Heart disease is a major health problem that affects a lot of people. In the United States, it is the top cause of death for both men and women. If you have diabetes, you have a younger onset of heart disease and a higher risk of having a stroke than people who do not have diabetes, even if they live at a similar age. If you have diabetes for a long period of time, your risk of developing heart disease increases.

The good news from a medical clinic in Abu Dhabi is that by modifying certain aspects of your lifestyle, you can reduce the likelihood of developing heart disease and enhance the health of your heart. Making those adjustments can assist you in better managing your diabetes.

The Impact That Diabetes Has On Your Heart

If you have high blood sugar for an extended period of time, it might harm your blood vessels as well as the nerves that control your heart. People who have diabetes have an increased likelihood of having additional illnesses that boost the risk for heart disease, including the following:

The force of blood as it travels through your arteries is increased when your blood pressure is high, which can be harmful to the arterial walls. If you have diabetes as well as high blood pressure, your chance of developing heart disease is significantly increased.

Plaque can develop on the inside of your arteries if your bloodstream contains an excessive amount of the “bad” LDL cholesterol.

It is believed that having high levels of triglycerides (a form of fat found in the blood), low levels of HDL (“good”) cholesterol, or high levels of LDL cholesterol can contribute to the hardening of the arteries.

There are no symptoms associated with any of these illnesses. Your doctor will be able to examine your blood pressure and perform a straightforward blood test to determine whether or not your levels of LDL, HDL, and triglycerides are abnormally high.

These other risk factors can also increase your likelihood of developing heart disease:

  • Tobacco use
  • Being overly heavy or suffering from obesity
  • Lack of participation in sufficient physical activity
  • Consuming a diet that is high in saturated fat, trans fat, cholesterol, and sodium (salt), among other unhealthy substances
  • Consuming an unsafe amount of alcohol

People who have diabetes also have an increased risk of developing heart failure. If you have heart failure, it does not mean that your heart has stopped beating; rather, it indicates that your heart is unable to pump blood effectively. This is a significant condition. This can cause swelling in your legs as well as fluid accumulation in your lungs, which can make it difficult for you to breathe. It is typical for heart failure to get worse over time; however, having an accurate diagnosis and beginning therapy as soon as possible can help alleviate symptoms and prevent or postpone the illness from getting worse.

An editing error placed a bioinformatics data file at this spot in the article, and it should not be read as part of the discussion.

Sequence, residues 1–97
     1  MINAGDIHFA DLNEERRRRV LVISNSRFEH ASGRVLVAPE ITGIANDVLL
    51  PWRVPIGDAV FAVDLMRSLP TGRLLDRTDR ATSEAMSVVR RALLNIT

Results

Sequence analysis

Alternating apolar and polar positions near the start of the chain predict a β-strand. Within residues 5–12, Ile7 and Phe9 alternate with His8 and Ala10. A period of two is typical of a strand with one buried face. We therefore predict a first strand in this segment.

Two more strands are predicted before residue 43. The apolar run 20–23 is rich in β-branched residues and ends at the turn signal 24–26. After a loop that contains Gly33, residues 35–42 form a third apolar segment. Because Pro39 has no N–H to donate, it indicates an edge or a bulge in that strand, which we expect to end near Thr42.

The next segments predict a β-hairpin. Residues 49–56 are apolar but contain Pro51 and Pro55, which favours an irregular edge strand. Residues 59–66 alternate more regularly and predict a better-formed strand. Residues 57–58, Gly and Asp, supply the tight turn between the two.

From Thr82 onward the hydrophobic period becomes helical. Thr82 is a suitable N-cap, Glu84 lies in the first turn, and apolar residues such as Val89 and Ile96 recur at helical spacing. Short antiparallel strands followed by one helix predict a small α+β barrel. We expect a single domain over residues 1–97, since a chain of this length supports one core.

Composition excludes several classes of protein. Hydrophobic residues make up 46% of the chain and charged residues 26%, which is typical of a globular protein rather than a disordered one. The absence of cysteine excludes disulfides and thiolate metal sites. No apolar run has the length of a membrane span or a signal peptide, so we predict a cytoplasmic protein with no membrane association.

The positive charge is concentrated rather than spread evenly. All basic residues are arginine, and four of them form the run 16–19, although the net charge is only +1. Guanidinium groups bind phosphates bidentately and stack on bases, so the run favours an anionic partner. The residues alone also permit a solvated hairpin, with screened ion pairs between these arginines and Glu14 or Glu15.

Be kind to your own beating heart.

These adjustments to your lifestyle can help reduce your risk of heart disease or prevent it from growing worse, in addition to assisting you in managing your diabetes:

  • Maintain a balanced and nutritious diet. Increase the amount of fresh fruits and vegetables, lean protein, and grains that are whole that you eat. Eat fewer processed meals (such as chips, candy, and fast food), and try to stay away from foods that contain trans-fat. Increase the amount of water you drink and cut back on sugary drinks as well as alcohol.
  • Strive to maintain a healthy weight. If you are overweight, decreasing even a small amount of weight will help reduce the amount of triglycerides and sugar in your blood. A healthy amount of weight reduction is between five and seven percent of total body weight or roughly ten to fourteen pounds for an individual who weighs 200 pounds.
  • Get some exercise. Your body will become more responsive to insulin, which is the hormone that allows cells in your body to use blood sugar for energy when you engage in physical activity. This makes it easier for you to control your diabetes. In addition, regular exercise can assist in maintaining healthy blood sugar levels and reduce the likelihood of developing heart disease. Make it a goal to complete at least 150 minutes worth of physical activity every week at a moderate intensity, such as brisk walking.

Take care of your A-B-Cs:

A: Have an A1C test performed on a regular basis to determine your average blood sugar levels over the previous two to three months; work towards remaining within your goal range as much as is practically practicable.

B: Aim to maintain a blood pressure reading that is lower than 140/90 mm Hg (or the goal that your physician has established for you).

C: Keep careful tabs on your blood cholesterol levels.

s: Either quit smoking now or never start.

Take care of your tension. The physical effects of stress include an increase in blood pressure as well as an increased likelihood of engaging in risky behaviours such as binge eating or drinking to excess. Instead, seek the assistance of a mental health counselor, try meditating or practicing deep breathing, engage in some form of physical activity, or reach out to loved ones and friends for support.

Your doctor from medical clinic in Abu Dhabi may also prescribe medications that can assist in maintaining blood sugar, blood pressure, cholesterol, and triglyceride levels that are close to the values that have been shown to be optimal for you.